Statkraft targets Iberian solar as it stages offtaker-to-developer move

Luis Miguel Álvarez, Statkraft’s new Head of Wind and Solar Iberia (Image credit: Statkraft AS)

Speaking to Statkraft’s Luis Miguel Álvarez, it is clear the firm is aware it is somewhat of a late-comer to the fiercely competitive party that Spanish and Portuguese PV have become.

“It is true that our arrival to solar asset development in these countries has taken slightly longer than for some of our rivals,” says Álvarez, Statkraft’s new head of wind and solar Iberia, as he walks PV Tech through the drivers behind the firm’s new development-focused office in Madrid.

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As Álvarez notes, Statkraft’s actual entry into Iberia in 2018 came via the offtaker route. The Oslo-headquartered firm, historically hydro-focused, joined the proponents of Spanish subsidy-free solar last year as it agreed to procure power from BayWa r.e.’s Don Rodrigo series.

Having inked PPAs with BayWa r.e. for Don Rodrigo 1 (175MWp) and 2 (50MWp), Statkraft remains committed to this business line, with plans to expand its PPA dealflow and use it as a key route to third-party developers and end consumers in Iberia. The firm is however now also crossing into the asset development side as it ambitions to have 1GW of ready-to-build Iberian solar ready by 2025, Álvarez says, adding that the figure is indicative and not a target set in stone.

Statkraft is eyeing a two-staged approach on the road to 1GW-by-2025, explains Álvarez, who was hired in September after long stints at Renovalia, Fotowatio Renewable Ventures and others. The first stage, according to him, will revolve around the takeover of third-party solar projects.

“Our focus now is on building a team and defining a business plan for the 2020-2025 period,” he says. “The first phase will be M&A moves to ensure we can amass a pipeline in the shorter term, with a view to taking projects to the ready-to-build stage between 2020 and 2021.”

Acquisitions, Álvarez adds, should be combined with solar developments. “Our plan is to look both at work on our own or alongside others,” he says. “In 2020 we hope we will have taken our team to a point where we can focus more on our own pipeline.”

Open mind to better capture the Iberian PV opportunity

Late or not, Statkraft’s move to Iberian solar appears to be underpinned by the same belief in Southern Europe’s potential shared by its competitors.

Spain and Portugal are, together with others in Europe and Latin America, among Statkraft’s targets as it looks to deploy 6GW of wind and 2GW of PV worldwide by 2025. Spain – where the national energy plan sets a 37GW-by-2030 solar target – is a “core part” of Statkraft’s plans, Álvarez says.

Statkraft will be prioritising projects around the 50MW mark as it works to assemble its own pipeline. Location will be weighed on a project-by-project basis, as lower-irradiation sites can sometimes boost better economics via lower costs and viceversa.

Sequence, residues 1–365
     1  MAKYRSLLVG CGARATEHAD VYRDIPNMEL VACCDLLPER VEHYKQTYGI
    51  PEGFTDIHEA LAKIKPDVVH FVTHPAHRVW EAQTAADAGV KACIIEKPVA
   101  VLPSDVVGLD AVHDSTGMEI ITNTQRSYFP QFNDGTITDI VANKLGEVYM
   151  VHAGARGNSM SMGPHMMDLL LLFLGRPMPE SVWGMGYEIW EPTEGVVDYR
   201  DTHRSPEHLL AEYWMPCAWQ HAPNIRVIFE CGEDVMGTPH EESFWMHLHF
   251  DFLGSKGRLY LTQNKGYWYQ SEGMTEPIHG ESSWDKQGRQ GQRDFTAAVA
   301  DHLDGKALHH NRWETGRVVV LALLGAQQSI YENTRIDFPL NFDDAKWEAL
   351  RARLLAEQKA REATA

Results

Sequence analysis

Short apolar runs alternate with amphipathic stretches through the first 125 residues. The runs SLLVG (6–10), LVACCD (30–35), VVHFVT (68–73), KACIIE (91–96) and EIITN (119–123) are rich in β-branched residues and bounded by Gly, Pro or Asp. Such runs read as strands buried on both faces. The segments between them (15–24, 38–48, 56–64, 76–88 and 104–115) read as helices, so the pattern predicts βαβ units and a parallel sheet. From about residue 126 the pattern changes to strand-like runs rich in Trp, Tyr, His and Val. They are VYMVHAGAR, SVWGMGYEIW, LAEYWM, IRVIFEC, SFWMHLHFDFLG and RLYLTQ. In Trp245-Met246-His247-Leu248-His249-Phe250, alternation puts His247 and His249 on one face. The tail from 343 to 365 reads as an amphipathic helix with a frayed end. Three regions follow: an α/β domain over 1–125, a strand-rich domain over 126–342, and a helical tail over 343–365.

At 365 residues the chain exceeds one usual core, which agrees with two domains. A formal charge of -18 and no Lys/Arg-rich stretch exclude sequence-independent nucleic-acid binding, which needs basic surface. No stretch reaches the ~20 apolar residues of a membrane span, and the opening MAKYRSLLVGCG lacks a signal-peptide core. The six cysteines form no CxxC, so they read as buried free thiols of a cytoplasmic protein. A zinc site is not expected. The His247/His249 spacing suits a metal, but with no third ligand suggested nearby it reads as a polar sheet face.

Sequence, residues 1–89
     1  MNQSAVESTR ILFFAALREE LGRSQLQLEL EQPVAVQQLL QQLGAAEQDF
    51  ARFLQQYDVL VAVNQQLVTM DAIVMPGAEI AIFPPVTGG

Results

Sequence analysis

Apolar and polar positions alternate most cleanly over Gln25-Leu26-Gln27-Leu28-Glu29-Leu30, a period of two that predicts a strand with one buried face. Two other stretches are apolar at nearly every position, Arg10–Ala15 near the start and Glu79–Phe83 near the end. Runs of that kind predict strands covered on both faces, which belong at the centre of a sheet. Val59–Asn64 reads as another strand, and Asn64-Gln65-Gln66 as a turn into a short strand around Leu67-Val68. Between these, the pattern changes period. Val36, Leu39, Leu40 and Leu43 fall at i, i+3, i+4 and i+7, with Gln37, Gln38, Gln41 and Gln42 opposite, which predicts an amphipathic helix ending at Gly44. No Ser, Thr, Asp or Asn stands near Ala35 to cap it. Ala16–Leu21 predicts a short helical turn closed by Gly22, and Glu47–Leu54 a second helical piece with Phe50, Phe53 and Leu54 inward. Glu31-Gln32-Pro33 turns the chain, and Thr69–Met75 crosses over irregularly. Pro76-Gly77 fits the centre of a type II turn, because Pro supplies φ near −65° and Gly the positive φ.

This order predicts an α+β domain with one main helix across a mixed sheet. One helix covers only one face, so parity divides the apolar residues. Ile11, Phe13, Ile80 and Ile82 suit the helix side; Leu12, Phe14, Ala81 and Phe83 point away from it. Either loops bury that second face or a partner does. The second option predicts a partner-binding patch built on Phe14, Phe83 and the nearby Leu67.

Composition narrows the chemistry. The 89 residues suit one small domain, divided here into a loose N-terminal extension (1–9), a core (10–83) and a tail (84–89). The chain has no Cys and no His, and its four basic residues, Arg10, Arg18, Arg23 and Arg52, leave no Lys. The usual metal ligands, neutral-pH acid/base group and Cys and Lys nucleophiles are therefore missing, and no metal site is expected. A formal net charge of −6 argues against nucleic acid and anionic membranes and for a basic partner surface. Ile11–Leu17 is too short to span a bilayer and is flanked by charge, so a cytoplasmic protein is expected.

The Don Rodrigo project series, sponsored by Statkraft as an offtaker, is seen by some as a standard-bearer for the heights solar can reach without subsidies in a country once known for feed-in tariff u-turns. Will the firm too sidestep government support now that it holds the development reins?

“We will decide with each project as our model will be fully opportunistic, based on the potential for returns,” comes Álvarez’s answer. “We might consider, for instance, evolving from asset builder and seller to actually managing the plant as we have done in other countries.”

Quizzed over whether Statkraft may turn to future auctions in Spain, Álvarez conveys a similarly flexible view. “We’re open,” he says. “We’ve taken part in government auctions in other countries and here we’ll examine the terms in detail, to decide whether we’re competing with our projects.”

Eyes on price forecasts as Iberia stages policy shift

Statkraft’s new Iberian office finds both peninsular states in the midst of a policy overhaul.

Portugal is drawing global eyes with its record-smashing solar auctions while Spain, afflicted this year by political volatility, is pushing for more solar-friendly policies to turn the page from the legally-damaging feed-in tariff disaster of the early 2010s.

Asked to pinpoint the hurdles Statkraft will face on the path to 1GW of Iberian solar by 2025, Álvarez points at Spain’s to-be-filled regulatory blanks. The country’s solar targets seem feasible based on what is being developed right now but much will depend on future auction design, he says.

“A key question is how the appetite for unregulated projects will evolve,” the new Iberian head says. “Today it is very high, with even long-term investors seemingly ready to assume the risks of a fully merchant route. The evolution of electricity forecasts, in particular around solar capture prices, could make a big difference.”

Another challenge, Álvarez says, is competition pure and simple. “Today’s Spanish solar market is so very competitive, with so many projects already under development,” he notes. “This can put brakes on early-stage work as it limits the capacity that one is able to develop fully from scratch.”

“The challenge will be how many of projects under development will be finally executed in the mid-long term,” Álvarez says.”[Spain's national solar] objectives might perfectly be reached but this will depend on the available alternatives to secure financing for the projects, in order to make high renewable penetration feasible”.

The prospects and challenges of solar's new era in Europe and beyond will take centre stage at Solar Media's Solar Finance & Investment Europe (London, 5-6 February) and Large Scale Solar Europe 2020 (Lisbon, on 31 March-1 April 2020).

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